Here is our vision: To provide a credible and reliable channel through which clinical pain scientists can bring their scientific discoveries straight into the real world. We reckon that the communication bit of science is the bit that often drags the chain of knowledge development and transfer. We want to communicate our science better. We want to side-step, or perhaps leap-frog, the arduous journey that new discoveries make before they have the opportunity to influence the real world. We want people to share in our fascination with the fearful and wonderful complexity of the human; we want people to understand the scienti...
Source: Psychology of Pain - September 17, 2018 Category: Anesthesiology Source Type: blogs

Most Doctors Are Ill-Equipped to Deal With the Opioid Epidemic. Few Medical Schools Teach Addiction. - The New York Times
To the medical students, the patient was a conundrum.According to his chart, he had residual pain from a leg injury sustained while working on a train track. Now he wanted an opioid stronger than the Percocet he'd been prescribed. So why did his urine test positive for two other drugs — cocaine and hydromorphone, a powerful opioid that doctors had not ordered?It was up to Clark Yin, 29, to figure out what was really going on with Chris McQ, 58 — as seven other third-year medical students and two instructors watched."How are you going to have a conversation around the patient's positive tox screen r...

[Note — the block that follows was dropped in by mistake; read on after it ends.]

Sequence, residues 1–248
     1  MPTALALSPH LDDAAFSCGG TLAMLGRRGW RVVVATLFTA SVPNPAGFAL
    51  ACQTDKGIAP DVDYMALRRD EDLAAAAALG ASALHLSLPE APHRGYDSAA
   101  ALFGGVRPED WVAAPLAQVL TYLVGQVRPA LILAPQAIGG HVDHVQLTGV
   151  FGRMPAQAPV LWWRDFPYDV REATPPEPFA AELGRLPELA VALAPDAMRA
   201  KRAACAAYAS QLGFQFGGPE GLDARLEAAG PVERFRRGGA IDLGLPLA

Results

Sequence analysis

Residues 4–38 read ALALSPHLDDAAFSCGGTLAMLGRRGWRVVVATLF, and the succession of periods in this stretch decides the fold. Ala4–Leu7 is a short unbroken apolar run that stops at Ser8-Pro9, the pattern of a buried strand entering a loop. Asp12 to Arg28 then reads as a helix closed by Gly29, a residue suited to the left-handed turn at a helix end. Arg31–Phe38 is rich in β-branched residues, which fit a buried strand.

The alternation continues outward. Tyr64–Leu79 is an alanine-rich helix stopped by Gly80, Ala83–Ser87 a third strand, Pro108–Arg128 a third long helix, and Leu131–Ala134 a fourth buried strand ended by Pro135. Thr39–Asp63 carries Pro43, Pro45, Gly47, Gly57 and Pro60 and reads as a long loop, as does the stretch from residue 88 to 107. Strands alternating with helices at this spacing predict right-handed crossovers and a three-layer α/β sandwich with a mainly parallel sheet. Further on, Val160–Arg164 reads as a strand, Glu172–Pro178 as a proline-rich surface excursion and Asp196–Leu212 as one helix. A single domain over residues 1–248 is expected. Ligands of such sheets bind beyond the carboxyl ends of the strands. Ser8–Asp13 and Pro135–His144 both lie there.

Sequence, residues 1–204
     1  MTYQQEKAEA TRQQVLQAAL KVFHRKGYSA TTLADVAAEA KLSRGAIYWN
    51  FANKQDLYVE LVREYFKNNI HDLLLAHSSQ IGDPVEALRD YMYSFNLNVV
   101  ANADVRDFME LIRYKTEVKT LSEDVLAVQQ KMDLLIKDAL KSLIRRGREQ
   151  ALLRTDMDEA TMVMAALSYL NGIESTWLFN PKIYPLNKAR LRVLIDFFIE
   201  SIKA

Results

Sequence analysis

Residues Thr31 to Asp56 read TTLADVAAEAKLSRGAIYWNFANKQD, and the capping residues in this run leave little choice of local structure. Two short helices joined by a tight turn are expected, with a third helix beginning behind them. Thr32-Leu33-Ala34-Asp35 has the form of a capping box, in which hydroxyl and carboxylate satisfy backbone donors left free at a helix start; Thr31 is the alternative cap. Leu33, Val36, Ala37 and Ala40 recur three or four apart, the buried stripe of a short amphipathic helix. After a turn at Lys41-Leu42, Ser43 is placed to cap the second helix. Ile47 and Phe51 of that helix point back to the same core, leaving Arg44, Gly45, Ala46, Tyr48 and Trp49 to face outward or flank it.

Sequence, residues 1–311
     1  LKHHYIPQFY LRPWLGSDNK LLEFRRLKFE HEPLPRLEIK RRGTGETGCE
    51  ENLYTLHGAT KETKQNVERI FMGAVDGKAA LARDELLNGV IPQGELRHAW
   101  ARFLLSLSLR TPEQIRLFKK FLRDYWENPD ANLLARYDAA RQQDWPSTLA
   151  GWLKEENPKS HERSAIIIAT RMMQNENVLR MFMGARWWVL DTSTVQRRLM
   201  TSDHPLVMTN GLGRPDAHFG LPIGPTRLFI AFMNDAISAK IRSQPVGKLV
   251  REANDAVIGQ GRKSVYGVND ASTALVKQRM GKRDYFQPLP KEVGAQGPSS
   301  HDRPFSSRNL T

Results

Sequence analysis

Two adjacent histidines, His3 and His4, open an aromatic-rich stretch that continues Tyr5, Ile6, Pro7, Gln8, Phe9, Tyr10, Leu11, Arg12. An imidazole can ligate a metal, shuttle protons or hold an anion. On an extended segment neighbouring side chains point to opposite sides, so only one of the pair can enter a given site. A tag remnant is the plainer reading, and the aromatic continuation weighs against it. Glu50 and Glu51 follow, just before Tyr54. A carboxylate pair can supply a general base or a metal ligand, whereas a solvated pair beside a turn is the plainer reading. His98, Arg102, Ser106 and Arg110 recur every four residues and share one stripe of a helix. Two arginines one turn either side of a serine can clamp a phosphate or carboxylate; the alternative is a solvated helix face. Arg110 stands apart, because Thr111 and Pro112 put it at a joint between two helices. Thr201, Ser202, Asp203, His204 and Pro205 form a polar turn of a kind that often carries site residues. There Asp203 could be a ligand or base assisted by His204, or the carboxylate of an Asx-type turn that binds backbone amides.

Source: Psychology of Pain - September 14, 2018 Category: Anesthesiology Source Type: blogs

A New Arizona Law Limits A Doctor's Freedom To Prescribe Painkillers : Shots - Health News : NPR